Try some Swiss chard in your vegetable garden

Daniel Gill, Bogren, Richard C.  |  2/2/2009 10:30:30 PM

Get It Growing For 02/20/09

By Dan Gill
LSU AgCenter Horticulturist

Swiss chard is a leafy vegetable that can be grown easily in Louisiana vegetable gardens during fall, winter and spring. It is reliable and very productive and should be more commonly planted. A cool-season vegetable grown primarily from October to June, it has better heat resistance than other greens, such as spinach.

Seeds or young plants can be planted now through March for production of fresh greens into early summer.

Swiss chard is actually a variation of the beet that is grown for its edible leaves rather than its root. It was probably first grown in Sicily and then spread to the rest of Europe. The leaf blades are large and fleshy and possess wide, succulent stems that somewhat resemble a stalk of celery. The leaf blades range in color from bright green to dark green. The stalks or leaf stems (petioles) may be white, red or a variety of bright colors.

The mild-flavored, nutritious leaf blades (rich in vitamins, minerals and anti-oxidants) can be separated from the leaf stems and cooked like spinach greens. Many people even compare the flavor of cooked Swiss chard to that of cooked spinach. Chard can be used in place of spinach in most recipes, although chard will need to be cooked a bit longer. The stalks may be prepared separately – for example, steamed as you would asparagus and served with Hollandaise sauce. Sliced stalks are also excellent added to stir-fried dishes, or they can simply be chopped into and cooked with the greens. Young, tender chard leaves can be eaten raw, adding a beetlike flavor to salads and sandwiches.

With its bold, wavy leaves and colorful leaf stalks, Swiss chard is an attractive plant and actually makes a colorful and unique addition to ornamental flowerbeds or containers. While chard’s large, fleshy leaf stems are most commonly either white or red, you can find types with stems of gold, pink and orange (a variety called Bright Lights has leaf stems that come in a variety of brilliant colors).

Soil preparation and fertilization of the Swiss chard are simple. If you already have vegetable beds prepared, you simply can plant the seeds or transplants into those beds now. If you are preparing a new bed – or reworking an existing bed – loosen the soil to a depth of 8 to 10 inches, add a 4-inch layer of compost or rotted leaves, sprinkle a general-purpose fertilizer over the area following package directions, mix everything together thoroughly and rake the bed smooth. Work the soil when it is a little moist – not too wet or dry – and be sure you break up all the clumps when you incorporate the organic matter.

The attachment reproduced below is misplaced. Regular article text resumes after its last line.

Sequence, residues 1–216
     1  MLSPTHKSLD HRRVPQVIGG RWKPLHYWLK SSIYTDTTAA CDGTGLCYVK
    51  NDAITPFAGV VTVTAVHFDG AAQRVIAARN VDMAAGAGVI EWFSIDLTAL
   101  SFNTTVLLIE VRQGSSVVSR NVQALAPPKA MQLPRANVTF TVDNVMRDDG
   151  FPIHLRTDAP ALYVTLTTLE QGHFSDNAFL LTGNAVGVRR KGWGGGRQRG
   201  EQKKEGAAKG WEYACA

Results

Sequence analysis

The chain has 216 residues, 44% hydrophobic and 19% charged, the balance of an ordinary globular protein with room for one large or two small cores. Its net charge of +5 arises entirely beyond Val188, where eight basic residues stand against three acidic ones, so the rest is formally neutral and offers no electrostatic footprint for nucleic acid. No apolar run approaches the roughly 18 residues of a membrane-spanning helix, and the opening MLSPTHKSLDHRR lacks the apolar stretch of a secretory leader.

Although transplants will provide the quickest harvest, Swiss chard is easily grown from seeds planted directly into the garden. Seeds do best if they are planted about one-quarter to one-half inch deep, with four to six seeds per foot of row. One-half ounce of seed sows about 100 feet of row.

Once the seedlings are up and growing vigorously, you will need to thin them. We generally plant about three times as many seeds than plants we need to ensure we get a good stand of seedlings in the area. You know the old saying, “One for the birds, one for the bugs and one for me.” This often leads to too many plants in the area, and some must be removed to make sure the remaining plants have enough room to grow properly and be healthy and productive. Pinch off the seedlings you decide to remove. After thinning, young plants should be about 6 to 9 inches apart. (You can add the young plants that are removed when thinning to salads or a quick stir-fry.) If planting transplants, space them about 6 to 9 inches a part.

To keep the plants growing vigorously, sidedress the plants when they are about 8 inches tall using about one tablespoon of general-purpose fertilizer per plant.

The best way to harvest Swiss chard is to “crop” it. This is done by cutting off only the larger outer leaves. Cutting is preferable to pulling, which can damage the roots or stems. Entire plants are usually harvested only during thinning. Most varieties begin to produce after 60 days of planting seeds. When cropping Swiss chard, take no more than one-quarter to one-third of the leaves at one time.

Cultivate with a hoe often and shallowly to control weeds, or hand-pull weeds as needed. You can save back strain and labor by applying a generous layer of mulch. Good mulching materials are leaves, pine straw or even thick layers of newspaper. The few weeds that do come up through mulch can be easily pulled while they’re still small.

Some popular Swiss chard varieties are Rhubarb (red), Fordhook Giant (white), Geneva (white), Bright Lights (multicolored) Magenta Sunset (dark pink) and Vulcan (red).

Despite the cold weather, you can plant a variety of vegetables in the garden in February – including beets, carrots, collards, Swiss chard, kohlrabi, lettuce, mustard, radish, rutabagas and turnips. You can plant transplants of broccoli, cabbage and cauliflower and seeds of eggplants, peppers and tomatoes in hotbeds, indoors under lights or in greenhouses to produce transplants that will go into the garden in late March or early April. Cut Irish potato tubers into egg-sized pieces with one eye (called seed pieces) and plant them 4 inches deep and 12 inches apart in well-prepared beds.

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Contact: Dan Gill at (225) 578-2222 or dgill@agcenter.lsu.edu   

Editor: Rick Bogren at (225) 578-5839 or rbogren@agcenter.lsu.edu  

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